4 of the best website optimisation tools, and how to choose the right one

September 13, 2017
Jamie Evawin

So you've got a new product and you can't flippin' wait to start experimenting and optimising your website. I can't blame you!

But hold your horses, rein it in, and ask yourself: What software am I going to use to start experimenting? Because if your only tool is a hammer, every problem looks like a nail.

Start by asking yourself exactly what it is that you want to test on your website:

  • Do you have a whole new website and want to test it against the old one?
  • Are you looking for a personalisation solution to optimise towards specific audiences?
  • Or are you planning on replacing all your blog post cover images with doughnuts to increase click-through-rates?  

It's a good idea to determine your essential needs beforehand to make the process a lot quicker. Another element you need to factor into your decision is how much traffic your website receives. This is important, as a lot of tools have different pricing plans based on the level of traffic. In fact, most premium tools will not supply a quote unless you have this figure in mind, so jump into your web analytics and get that data beforehand.

The more traffic your website receives, the more investment you're likely to have to make.  Once you have your key ingredients, you can start to filter down your options to find your dream testing tool.  

In the list below, we've highlighted what we consider to be the best tools for an optimisation programme for specific needs. Please note, however, that this is a fairly generalised set of recommendations, and you should always conduct your own research into testing software before making any decisions.  

Best value for money: Visual Website Optimizer

Visual Website Optimizer (VWO) is commonly considered the best value solution. Starting from a mere $49 per month, VWO provides the most bang for your buck in terms of both features and traffic allocation.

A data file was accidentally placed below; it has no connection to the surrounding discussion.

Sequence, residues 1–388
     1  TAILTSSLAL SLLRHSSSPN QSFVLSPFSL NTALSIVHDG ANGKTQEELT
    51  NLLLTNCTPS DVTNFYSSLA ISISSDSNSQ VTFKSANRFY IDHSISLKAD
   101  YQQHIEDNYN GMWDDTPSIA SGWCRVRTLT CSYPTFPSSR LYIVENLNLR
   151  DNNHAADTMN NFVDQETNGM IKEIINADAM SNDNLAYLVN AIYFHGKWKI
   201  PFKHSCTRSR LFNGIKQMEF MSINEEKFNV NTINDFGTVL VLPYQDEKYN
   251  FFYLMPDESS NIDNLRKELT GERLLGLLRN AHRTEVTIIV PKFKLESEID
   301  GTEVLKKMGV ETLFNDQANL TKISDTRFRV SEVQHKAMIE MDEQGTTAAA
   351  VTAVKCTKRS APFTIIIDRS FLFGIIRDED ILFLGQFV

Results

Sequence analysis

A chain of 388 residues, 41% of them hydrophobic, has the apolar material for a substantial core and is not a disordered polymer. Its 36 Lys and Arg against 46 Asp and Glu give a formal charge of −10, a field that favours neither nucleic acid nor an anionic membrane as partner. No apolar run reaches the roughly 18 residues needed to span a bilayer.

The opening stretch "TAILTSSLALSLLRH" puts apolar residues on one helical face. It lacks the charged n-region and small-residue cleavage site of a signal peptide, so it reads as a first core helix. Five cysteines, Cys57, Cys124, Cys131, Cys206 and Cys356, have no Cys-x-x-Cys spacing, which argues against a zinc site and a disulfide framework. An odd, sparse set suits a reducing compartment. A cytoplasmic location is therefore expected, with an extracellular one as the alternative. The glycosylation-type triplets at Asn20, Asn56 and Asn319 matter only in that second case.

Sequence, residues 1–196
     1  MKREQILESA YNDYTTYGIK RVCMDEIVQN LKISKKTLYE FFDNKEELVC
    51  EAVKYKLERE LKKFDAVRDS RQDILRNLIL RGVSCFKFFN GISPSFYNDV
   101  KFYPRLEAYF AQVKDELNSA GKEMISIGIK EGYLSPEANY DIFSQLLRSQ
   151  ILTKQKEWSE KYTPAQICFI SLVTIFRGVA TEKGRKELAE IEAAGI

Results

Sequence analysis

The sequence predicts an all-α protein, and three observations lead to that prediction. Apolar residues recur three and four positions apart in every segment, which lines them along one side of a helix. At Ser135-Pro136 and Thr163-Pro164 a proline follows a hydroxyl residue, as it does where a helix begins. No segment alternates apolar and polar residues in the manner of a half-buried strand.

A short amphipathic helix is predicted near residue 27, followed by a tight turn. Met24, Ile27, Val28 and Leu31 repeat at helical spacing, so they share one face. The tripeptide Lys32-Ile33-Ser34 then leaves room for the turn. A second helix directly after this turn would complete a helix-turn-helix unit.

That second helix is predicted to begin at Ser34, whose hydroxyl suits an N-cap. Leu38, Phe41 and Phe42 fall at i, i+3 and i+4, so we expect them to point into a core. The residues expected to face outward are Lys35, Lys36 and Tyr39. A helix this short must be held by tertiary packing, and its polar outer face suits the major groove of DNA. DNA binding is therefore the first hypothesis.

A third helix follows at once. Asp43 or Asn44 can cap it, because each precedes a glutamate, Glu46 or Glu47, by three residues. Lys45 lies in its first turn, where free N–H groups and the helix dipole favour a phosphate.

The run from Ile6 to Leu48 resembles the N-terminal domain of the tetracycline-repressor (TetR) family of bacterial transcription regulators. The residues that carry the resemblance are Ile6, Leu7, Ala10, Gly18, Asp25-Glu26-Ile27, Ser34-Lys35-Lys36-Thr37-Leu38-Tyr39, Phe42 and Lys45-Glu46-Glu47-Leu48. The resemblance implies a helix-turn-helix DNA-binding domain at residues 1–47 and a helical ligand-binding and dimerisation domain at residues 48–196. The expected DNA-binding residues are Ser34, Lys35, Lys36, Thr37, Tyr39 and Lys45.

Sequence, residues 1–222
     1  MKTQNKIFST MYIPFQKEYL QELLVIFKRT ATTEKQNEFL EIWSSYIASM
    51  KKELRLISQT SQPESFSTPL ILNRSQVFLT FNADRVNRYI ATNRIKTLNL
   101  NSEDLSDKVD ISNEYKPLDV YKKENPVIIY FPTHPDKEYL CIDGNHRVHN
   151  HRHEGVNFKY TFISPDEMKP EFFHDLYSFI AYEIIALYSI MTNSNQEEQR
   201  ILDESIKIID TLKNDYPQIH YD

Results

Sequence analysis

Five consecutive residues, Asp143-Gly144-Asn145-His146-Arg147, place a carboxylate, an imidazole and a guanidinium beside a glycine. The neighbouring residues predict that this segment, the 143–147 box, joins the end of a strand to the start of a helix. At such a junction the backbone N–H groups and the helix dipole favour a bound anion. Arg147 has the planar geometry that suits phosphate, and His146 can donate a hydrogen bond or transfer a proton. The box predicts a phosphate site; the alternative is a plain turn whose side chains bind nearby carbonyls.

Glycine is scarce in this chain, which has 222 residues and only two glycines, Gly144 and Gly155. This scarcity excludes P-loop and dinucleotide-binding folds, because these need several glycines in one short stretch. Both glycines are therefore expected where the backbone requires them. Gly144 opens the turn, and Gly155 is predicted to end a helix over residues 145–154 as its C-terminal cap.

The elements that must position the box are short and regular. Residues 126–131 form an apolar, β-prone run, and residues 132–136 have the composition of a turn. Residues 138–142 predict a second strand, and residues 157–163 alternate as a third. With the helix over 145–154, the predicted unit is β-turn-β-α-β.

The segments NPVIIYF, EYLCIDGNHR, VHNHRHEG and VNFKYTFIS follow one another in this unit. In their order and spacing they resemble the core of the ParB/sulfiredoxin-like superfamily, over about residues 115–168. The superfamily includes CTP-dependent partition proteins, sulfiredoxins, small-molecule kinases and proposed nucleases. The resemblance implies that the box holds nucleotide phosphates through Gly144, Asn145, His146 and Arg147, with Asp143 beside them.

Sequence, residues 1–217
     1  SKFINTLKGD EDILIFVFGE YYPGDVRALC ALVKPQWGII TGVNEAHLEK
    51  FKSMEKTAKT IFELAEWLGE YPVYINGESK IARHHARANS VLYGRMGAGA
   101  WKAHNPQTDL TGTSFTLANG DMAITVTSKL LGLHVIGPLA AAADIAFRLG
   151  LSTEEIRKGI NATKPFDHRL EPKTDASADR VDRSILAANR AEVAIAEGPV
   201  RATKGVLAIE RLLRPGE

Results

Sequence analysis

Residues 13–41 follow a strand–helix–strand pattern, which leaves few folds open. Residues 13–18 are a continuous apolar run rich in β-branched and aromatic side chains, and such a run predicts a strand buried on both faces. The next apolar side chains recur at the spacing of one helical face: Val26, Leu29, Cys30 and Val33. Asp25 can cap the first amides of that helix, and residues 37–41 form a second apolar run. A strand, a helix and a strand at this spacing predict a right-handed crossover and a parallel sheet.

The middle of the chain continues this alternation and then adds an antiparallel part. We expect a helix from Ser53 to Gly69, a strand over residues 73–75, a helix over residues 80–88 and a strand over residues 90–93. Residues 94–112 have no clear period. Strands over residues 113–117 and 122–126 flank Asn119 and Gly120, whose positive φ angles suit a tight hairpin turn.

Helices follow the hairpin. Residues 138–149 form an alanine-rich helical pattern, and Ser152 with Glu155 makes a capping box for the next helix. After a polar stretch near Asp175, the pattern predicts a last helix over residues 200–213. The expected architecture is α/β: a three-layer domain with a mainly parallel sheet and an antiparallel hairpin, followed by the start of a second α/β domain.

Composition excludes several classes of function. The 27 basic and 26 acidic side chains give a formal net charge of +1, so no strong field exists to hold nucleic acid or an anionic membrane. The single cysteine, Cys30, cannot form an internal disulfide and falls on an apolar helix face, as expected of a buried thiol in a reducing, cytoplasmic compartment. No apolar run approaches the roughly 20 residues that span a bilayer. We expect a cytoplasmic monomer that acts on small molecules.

However, one drawback of VWO is its lack of more advanced features. Experiment segmentation is very basic, so any targeting options are best written within the code of the experiment.  VWO also has a bit of a fiddly integration with most external measurement tools. It's super simple - just a tick of a box, specify your custom variable/dimension slot and you're away. Only problem is, it very rarely works first time. In most instances, you'll need a bit of analytics know-how to get third party integrations working. For this reason, we'd recommend implementing any third-party tracking through manual tagging.  

Best free solution: Google Optimize

Google Optimize has been the talk of the town in the world of optimisation for the past few years.  Initially, when Google announced their free experimentation software, every other budget-friendly testing tool was quaking in their boots.

However, reality soon set in and people realised that they had a long way to go to catch up to the others. The beta was buggy and had a very unusual UI compared to the competition. However, there was one huge advantage of Optimize: its Google Analytics integration.  

All experiments run out of Google Optimize are automatically integrated with whatever Google Analytics profile that you're utilising for analysis. This is a lifesaver for less technically-minded users that are looking to run some simple A/B experiments.  

Best for personalisation: Qubit

A firm favourite at Code Computerlove, thanks to its developer-focused user interface, Qubit is our optimal platform for clients looking to implement sophisticated personalisation.  

There are a few reasons for this, the primary one being its advanced segmentation options. When using Qubit, you have a few different ways to categorise your users into specific segments:

  • Integrated segmentation: You can create useful segments from rich customer data collected from a wide variety of sources, then target them immediately with personalised experiences.